Satanic Temple targets Cobb County elementary school

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UPDATE: See the school system’s response below

We’d like to hear from parents whose children attend the school. Please email jbrett@ajc.com

The Satanic Temple intends to offer “After School Satan” clubs at schools nationwide and specifically names a Cobb County elementary school on its list of places where it’s hoping to begin operations.

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It’s not clear whether any of the clubs is actually up and running yet but the group has included Still Elementary School in Powder Springs to a list of schools it has approached to offer its curriculum.

“Across the nation, parents are concerned about encroachments by proselytizing evangelicals in their public schools, and are eager to establish the presence of a contrasting voice that helps children to understand that one doesn’t need to submit to superstition in order to be a good person,” the group’s web site says.

Cobb County school district spokeswoman Donna Lowry said the system had no idea it was on the organization’s list.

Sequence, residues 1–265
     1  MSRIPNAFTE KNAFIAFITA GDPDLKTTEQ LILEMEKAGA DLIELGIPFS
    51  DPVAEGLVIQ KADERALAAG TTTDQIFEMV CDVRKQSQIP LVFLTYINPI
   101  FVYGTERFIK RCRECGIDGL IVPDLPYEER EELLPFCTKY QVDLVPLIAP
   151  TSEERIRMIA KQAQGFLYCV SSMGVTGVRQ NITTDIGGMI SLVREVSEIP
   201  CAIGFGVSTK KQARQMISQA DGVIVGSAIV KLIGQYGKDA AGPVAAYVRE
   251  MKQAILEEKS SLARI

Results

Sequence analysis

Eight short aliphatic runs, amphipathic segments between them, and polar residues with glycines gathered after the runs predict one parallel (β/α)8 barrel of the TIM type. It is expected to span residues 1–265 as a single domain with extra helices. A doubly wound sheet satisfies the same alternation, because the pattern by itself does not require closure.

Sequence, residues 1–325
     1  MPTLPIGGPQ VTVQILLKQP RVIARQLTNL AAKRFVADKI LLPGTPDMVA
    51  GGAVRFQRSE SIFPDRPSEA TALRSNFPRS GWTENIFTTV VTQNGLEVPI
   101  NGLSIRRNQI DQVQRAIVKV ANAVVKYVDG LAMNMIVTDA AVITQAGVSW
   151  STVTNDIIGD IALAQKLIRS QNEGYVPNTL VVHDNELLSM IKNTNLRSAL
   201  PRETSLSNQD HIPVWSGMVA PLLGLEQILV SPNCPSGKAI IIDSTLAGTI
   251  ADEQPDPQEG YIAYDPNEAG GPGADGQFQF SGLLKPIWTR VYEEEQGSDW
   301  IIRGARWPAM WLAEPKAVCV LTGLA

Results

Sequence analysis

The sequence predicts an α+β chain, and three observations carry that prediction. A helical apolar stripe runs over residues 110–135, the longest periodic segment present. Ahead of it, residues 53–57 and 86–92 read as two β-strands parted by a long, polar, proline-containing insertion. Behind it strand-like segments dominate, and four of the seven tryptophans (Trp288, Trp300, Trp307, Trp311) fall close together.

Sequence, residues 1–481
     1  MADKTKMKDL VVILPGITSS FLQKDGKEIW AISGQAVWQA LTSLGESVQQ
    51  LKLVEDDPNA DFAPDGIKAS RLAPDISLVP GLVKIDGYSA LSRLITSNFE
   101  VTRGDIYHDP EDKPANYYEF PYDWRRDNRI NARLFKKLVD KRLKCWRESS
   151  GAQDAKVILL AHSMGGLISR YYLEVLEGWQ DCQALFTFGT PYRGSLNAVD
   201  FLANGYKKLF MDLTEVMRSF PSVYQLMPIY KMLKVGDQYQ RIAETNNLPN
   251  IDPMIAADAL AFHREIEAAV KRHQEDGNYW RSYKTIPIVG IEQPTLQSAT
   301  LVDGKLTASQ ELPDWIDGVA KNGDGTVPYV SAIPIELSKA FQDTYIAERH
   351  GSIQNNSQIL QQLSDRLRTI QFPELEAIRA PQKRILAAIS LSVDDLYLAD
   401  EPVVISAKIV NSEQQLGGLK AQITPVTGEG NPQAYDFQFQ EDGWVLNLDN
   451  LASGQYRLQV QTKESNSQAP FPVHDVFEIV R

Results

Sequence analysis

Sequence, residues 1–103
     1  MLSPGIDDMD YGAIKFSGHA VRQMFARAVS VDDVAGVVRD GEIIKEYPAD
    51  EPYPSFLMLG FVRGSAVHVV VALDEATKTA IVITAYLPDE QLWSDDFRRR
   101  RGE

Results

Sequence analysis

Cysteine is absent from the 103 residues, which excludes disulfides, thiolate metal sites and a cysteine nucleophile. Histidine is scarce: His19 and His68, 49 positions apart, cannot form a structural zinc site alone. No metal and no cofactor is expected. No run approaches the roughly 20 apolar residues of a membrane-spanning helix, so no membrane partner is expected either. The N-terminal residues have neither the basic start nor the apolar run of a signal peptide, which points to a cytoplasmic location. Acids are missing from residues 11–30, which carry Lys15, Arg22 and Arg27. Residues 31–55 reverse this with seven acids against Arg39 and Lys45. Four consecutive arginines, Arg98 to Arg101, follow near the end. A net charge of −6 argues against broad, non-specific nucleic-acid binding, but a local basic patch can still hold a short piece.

“There are no Satan clubs in Cobb County schools including Still,” she said. “We have not been contacted by anyone to establish one. In no way does the school or the school district endorse Satan clubs.”

Lowry said the system was also drafting a statement to send to parents to make sure they’re aware of the district’s stance.

The Satanic Temple’s goal is to counter faith-based groups that work with schools.

Here’s the permission slip parents interested in the club would be asked to sign

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This is the logo promoting the “After School Satan” clubs. Still Elementary School in Cobb County is on the list of schools where the group hopes to begin operations.

“After School Satan clubs are based upon a uniform syllabus that emphasizes a scientific, rationalist, non-superstitious world view,” reads a statement on the group’s site, which goes on to blast evangelical teachings that it says  “robs children of the innocence and enjoyment of childhood, replacing them with a negative self image, preoccupation with sin, fear of Hell, and aversion to critical thinking.

As an alternative, “After School Satan Clubs incorporate games, projects, and thinking exercises that help children understand how we know what we know about our world and our universe,” the group says.

 

 

 


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